I have signed this petition
The petition is here and the wording is as follows:
We the undersigned petition the Prime Minister to uphold that parents have the primary responsibility for the upbringing and development of their child, to not undermine parents legitimately fulfilling their fundamental duties, and to assume that the best interests of their child is the basic concern of parents unless there is specific evidence to the contrary. In particular, the government should ensure :-
- No right of access to the family home without evidence of a crime
- No right to interview a child alone without evidence of risk of serious harm
- No CRB checks or registration for parents to look after their own children, or to informally look after those of their friends, family etc
- No licensing / registration / assessment / monitoring of methods by which parents fulfil their duties without evidence that they are failing to do so, and with specific recognition that education “otherwise” than at school is a perfectly legal option to fulfil their duty regarding education
- No undermining of parents as being in the best position to determine how to meet their child’s needs, according to their age, ability, aptitude, and any special needs they may have
- Greater focus on applying existing resources and procedures to cases of children known to be at risk, rather than dilution of these resources by routinely monitoring whole sections of the community
- Compliance with the fundamental presumption of innocence unless there is specific evidence to the contrary.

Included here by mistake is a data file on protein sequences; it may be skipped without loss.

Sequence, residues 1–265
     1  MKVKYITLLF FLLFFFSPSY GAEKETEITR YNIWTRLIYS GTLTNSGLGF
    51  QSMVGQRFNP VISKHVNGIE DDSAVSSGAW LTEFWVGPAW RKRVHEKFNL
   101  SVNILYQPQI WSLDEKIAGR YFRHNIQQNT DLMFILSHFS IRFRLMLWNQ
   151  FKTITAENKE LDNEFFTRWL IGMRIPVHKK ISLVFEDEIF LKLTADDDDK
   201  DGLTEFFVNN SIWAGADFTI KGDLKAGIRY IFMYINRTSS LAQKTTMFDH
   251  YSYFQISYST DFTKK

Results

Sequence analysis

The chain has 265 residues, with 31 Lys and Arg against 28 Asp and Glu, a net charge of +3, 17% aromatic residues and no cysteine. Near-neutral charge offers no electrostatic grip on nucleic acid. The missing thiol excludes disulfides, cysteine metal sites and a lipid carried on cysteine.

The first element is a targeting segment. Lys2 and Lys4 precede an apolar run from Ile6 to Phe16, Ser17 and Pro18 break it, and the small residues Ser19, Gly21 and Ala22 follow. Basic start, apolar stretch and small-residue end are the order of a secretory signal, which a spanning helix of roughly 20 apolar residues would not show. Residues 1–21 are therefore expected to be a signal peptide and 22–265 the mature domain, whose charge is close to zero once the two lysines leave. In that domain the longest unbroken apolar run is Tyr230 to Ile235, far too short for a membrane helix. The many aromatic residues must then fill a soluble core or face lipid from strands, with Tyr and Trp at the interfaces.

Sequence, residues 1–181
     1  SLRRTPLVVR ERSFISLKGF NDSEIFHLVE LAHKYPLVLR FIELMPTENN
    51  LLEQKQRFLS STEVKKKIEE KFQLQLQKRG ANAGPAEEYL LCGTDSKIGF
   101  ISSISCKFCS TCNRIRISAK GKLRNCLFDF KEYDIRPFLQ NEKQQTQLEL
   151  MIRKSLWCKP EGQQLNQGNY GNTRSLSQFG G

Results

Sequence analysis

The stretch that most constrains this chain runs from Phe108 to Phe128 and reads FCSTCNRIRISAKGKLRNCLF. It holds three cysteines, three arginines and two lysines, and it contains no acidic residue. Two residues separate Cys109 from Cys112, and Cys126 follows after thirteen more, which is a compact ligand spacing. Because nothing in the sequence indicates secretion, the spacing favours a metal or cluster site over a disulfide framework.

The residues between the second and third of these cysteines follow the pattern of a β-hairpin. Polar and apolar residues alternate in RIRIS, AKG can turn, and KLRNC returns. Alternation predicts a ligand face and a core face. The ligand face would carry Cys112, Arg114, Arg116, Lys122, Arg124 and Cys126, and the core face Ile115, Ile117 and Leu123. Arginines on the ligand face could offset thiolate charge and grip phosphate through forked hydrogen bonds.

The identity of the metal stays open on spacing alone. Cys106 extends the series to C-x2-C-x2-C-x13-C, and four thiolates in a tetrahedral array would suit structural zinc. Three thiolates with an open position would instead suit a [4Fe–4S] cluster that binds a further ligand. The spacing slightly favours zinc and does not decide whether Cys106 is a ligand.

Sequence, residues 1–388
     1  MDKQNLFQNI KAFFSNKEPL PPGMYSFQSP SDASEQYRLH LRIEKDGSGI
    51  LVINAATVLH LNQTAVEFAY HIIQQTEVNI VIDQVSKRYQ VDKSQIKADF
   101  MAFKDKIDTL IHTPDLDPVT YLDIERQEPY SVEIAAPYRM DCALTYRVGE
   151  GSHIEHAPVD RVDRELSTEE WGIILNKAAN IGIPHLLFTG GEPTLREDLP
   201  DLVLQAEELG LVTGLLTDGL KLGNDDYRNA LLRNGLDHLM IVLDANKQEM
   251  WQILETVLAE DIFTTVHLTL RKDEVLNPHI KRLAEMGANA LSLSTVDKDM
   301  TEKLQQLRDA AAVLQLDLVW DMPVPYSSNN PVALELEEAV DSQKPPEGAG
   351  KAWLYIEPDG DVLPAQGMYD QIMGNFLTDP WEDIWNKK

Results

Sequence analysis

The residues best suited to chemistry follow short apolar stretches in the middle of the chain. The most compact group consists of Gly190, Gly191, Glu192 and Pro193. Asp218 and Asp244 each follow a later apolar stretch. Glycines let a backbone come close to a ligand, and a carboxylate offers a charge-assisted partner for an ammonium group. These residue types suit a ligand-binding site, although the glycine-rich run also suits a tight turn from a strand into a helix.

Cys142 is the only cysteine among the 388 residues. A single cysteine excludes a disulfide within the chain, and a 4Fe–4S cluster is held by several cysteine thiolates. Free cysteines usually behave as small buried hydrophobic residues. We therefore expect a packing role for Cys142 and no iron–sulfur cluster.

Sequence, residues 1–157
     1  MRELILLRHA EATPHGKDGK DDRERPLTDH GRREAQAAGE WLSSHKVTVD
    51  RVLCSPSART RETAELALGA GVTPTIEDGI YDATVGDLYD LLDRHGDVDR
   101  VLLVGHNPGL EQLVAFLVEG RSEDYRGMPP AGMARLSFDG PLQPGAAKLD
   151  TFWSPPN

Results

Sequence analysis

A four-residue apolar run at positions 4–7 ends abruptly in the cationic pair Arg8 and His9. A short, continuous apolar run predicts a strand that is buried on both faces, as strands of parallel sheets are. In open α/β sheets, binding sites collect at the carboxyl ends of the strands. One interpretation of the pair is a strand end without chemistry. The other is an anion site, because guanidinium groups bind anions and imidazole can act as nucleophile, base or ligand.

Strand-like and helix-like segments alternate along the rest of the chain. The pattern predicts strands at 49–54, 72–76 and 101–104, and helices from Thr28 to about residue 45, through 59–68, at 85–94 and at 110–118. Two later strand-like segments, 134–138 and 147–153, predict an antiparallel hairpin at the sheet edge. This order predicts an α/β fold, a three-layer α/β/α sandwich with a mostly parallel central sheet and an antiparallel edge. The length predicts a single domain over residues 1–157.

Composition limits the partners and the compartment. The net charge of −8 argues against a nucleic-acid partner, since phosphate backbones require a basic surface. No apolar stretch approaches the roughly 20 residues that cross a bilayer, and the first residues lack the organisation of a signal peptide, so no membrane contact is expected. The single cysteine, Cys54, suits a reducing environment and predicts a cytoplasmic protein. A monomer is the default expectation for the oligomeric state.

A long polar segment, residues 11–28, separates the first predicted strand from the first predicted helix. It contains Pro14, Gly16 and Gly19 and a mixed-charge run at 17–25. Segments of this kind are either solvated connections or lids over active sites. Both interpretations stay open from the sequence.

I like it because it covers everything without adding any compromising, lets-meet-them-halfway sort of bits that I can't put my name to. And its author has put her name to it! I'm proud to say that Jill Harris is a Calderdale home educator, with whom I'm yet to disagree on anything.
Other things that are going on include this new wiki, about which I'm a bit less sure, though on which I need to spend some more time before I take a position I think. I'm not in favour of groups of people meeting up to work out what's to be done about us, as if we were a problem - because we're not! So if the new wiki is working along those lines, then I won't be supporting it. So far it looks like it contains the bare bones of info, in much the same way as Dani's great, one-page leaflet does (copies of which I'm printing out to take to our home ed meeting tomorrow).
Meanwhile Graham Stuart, who spoke so well for us in Parliament last week, via a lady called Leaf Lovejoy, has asked for
Twitter messages from us which set out, in 140 characters or less, our objections to the bill. I've been thinking for over a day now of how to condense all my thoughts on this down to 140 characters and am no closer to doing so! I was also introduced to a new word (for me) yesterday: e-prolixity. Hmm. The cap fits: I think I'll wear it.